Weather Center

Shelter in the Storm

By James Mayfield 3.25.15

Texas tornadoes strike on a moment’s notice, and knowing what to do while on the road may mean the difference between life and serious injury — even death. In the event of a weather emergency, drivers tend to flock to the nearest freeway overpass, hoping to take cover until the storm blows through. But that approach can actually do more harm than good.

Seeking shelter under an overpass puts you at greater risk of being killed or seriously injured by flying debris from those powerful tornadic winds, according to the National Oceanic and Atmospheric Administration (NOAA), a science-based federal agency.

With wind speeds that sometimes top 200 mph, tornadoes can send missile-like airborne debris careening under the narrow passage of an overpass. Dirt, sand, and rocks moving at tremendous speeds can penetrate clothing and skin, while very fine debris can cause vision loss.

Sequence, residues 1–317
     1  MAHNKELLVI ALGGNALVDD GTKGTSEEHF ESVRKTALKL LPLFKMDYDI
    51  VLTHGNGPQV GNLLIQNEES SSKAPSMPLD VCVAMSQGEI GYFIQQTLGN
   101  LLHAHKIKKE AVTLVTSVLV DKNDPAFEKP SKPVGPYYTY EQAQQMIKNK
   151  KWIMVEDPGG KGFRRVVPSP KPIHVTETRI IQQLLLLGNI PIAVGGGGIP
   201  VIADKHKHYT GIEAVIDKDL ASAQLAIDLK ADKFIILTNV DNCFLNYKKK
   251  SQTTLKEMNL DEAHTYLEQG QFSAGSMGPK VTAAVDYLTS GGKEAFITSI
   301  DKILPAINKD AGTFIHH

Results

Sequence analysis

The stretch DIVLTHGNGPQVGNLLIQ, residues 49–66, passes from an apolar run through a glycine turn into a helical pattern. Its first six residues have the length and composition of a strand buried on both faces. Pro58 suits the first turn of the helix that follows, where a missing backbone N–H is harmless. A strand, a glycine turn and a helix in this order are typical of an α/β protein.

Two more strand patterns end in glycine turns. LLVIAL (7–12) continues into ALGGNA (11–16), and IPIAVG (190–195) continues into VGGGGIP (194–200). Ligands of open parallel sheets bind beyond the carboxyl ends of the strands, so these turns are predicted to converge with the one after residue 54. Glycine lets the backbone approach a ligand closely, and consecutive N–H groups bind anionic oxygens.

So what do you do? Your best bet is to get out of the tornado’s path — don’t try to outrun it — or seek safety in a sturdy, well-constructed building, preferably one with an underground shelter, basement, or safe room. At the very least, look for a small, windowless interior room or hallway on the lowest level.

If it’s too late and you’re already surrounded by flying debris, pull over and park. Stay in your car with the seat belt on and put your head down below the windows, covering your head with your hands (and a blanket or jacket, if possible). If you find yourself out in the open, lay flat in a ditch, ravine, or a below-grade culvert for protection.

More storm safety articles you may be interested in:

Storm season shelf life

Protect your home with storm windows

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